Constant Negative Velocity
Constant Negative Velocity

We have examined the subsequent facts in the displacement time graph:

  • Greater the slope, the greater the constant velocity.
  • If displacement increases, sloping upwards as time increases, and constant velocity is positive.
  • If displacement decreases, sloping downwards as time increases, and constant velocity is negative.
  • If displacement is zero, the slope is horizontal, and the constant velocity is zero.  

Read more about Relative Motion.

Analyze and comment on different sections in the displacement time graph below. Also, calculate the constant positive velocity and constant negative velocity from the graph. 

Constant Positive Velocity and Constant Negative Velocity
Constant Positive Velocity and Constant Negative Velocity

Solution:

1) The section OA represents the constant positive velocity as displacement is increasing.

The positive constant velocity is calculated as

v = s2-s1/t2-t1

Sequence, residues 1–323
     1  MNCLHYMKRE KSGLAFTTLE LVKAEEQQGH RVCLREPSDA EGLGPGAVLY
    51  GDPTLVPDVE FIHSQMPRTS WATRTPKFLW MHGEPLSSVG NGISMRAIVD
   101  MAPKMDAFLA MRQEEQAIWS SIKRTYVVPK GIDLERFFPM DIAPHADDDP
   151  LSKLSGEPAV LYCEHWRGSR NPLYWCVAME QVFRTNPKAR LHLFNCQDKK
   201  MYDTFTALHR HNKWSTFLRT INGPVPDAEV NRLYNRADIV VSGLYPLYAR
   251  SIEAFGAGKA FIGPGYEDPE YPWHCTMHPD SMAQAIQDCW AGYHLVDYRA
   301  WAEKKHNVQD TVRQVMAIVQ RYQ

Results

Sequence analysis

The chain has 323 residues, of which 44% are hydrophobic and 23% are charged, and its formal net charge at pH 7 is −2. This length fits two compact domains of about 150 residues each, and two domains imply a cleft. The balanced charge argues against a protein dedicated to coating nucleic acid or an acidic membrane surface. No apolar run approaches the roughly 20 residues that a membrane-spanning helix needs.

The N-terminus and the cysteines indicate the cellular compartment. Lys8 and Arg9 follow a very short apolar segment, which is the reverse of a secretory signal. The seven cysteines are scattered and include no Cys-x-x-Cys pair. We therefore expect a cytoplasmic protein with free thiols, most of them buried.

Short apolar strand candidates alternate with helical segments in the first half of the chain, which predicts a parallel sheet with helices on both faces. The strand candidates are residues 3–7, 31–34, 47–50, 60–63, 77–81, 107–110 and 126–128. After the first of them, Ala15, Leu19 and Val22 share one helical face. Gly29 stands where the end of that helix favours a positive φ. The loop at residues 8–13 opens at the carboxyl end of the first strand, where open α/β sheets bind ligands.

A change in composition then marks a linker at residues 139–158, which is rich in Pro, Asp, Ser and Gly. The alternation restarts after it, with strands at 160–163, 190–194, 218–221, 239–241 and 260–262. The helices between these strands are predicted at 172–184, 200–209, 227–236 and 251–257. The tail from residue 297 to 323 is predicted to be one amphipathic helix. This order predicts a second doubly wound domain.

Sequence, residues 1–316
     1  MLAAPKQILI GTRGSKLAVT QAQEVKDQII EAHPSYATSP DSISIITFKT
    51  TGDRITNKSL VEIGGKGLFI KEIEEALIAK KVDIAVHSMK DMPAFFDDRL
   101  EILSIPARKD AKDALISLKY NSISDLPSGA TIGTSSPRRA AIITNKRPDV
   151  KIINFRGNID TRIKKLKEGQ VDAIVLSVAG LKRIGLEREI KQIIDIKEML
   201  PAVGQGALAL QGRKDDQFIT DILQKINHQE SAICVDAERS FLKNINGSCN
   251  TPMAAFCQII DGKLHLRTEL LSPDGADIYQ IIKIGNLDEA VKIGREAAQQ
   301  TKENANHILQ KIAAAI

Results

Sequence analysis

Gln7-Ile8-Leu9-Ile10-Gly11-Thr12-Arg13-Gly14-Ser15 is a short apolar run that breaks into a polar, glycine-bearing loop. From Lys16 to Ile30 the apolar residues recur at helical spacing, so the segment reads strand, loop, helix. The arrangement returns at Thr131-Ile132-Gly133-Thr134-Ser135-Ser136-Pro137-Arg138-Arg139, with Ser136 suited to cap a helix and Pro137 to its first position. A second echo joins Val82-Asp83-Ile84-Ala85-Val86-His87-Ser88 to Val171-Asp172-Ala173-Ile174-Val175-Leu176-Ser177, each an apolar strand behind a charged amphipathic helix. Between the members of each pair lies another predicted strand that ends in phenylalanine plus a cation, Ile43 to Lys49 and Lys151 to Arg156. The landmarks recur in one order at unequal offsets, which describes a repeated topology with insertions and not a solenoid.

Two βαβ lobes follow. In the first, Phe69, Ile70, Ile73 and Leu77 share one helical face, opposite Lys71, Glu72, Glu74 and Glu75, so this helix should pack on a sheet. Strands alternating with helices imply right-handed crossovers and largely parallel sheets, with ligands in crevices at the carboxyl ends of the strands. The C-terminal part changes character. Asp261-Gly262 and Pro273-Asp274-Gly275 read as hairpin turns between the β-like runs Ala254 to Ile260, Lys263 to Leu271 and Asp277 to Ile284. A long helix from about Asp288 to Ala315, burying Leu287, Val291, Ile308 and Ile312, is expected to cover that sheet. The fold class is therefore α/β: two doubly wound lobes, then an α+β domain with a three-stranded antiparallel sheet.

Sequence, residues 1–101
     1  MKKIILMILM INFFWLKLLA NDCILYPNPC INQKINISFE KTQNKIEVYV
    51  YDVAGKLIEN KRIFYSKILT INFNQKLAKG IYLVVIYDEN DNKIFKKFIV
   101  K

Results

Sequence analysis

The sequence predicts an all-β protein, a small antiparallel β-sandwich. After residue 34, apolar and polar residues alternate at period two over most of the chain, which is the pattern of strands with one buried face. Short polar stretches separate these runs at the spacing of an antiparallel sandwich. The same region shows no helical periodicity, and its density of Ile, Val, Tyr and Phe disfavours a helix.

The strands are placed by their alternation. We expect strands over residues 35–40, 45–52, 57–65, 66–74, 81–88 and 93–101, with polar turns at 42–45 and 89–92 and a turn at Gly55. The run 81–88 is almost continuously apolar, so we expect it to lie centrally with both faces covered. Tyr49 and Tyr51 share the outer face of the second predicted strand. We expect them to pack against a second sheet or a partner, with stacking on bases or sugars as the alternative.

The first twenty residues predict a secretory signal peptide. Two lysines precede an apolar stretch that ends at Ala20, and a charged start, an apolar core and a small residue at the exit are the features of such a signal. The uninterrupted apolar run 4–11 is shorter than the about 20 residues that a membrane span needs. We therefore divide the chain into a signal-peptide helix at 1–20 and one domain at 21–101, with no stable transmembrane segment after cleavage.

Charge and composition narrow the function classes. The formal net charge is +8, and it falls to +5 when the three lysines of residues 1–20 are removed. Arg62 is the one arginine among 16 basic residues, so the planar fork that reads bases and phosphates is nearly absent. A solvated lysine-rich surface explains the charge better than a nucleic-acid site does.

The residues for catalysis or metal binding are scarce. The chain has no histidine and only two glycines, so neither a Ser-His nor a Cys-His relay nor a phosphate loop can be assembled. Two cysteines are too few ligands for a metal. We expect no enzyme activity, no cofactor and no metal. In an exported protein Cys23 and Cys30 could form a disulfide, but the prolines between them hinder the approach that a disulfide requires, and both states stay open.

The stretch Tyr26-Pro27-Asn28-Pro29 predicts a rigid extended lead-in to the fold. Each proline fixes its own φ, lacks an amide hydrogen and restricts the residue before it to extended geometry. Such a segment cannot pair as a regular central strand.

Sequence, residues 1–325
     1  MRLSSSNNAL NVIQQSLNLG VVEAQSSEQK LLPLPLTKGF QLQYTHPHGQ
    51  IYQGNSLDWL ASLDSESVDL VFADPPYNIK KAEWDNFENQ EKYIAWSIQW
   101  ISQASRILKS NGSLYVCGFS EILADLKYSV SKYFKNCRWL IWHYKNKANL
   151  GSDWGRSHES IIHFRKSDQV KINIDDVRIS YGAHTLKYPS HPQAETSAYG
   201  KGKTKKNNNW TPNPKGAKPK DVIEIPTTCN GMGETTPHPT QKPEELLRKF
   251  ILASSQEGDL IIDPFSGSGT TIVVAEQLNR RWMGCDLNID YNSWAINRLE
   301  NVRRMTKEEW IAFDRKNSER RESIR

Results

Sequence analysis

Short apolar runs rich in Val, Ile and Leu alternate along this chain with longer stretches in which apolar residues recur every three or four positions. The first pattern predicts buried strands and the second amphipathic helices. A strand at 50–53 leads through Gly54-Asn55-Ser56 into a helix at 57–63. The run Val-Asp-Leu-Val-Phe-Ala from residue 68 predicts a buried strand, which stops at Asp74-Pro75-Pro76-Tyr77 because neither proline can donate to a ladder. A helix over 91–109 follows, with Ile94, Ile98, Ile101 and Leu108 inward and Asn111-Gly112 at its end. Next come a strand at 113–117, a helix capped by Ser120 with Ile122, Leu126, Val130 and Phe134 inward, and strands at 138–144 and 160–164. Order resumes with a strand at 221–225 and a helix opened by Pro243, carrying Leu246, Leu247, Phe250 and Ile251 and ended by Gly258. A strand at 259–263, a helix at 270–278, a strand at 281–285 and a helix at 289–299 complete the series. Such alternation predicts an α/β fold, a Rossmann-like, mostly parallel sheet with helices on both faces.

Substituting values from the section AB of the graph,

v = 6-0/2-0

v =3

The constant positive velocity is 3m/s.

2) The displacement does not change from section A to B for 4 seconds; that means an object remains stopped at 2m and its constant velocity is zero.

3) The section BC represents the constant negative velocity as displacement is decreasing.

The negative constant velocity is calculated as

v = s2-s1/t2-t1

Substituting values from the section BC of the graph,

v = 0-6/2-0

v = -6/2

v =-3

The constant negative velocity is -3m/s.

4) At point C, displacement is zero; that means the moving object with constant velocity returns to its original position and becomes stationary.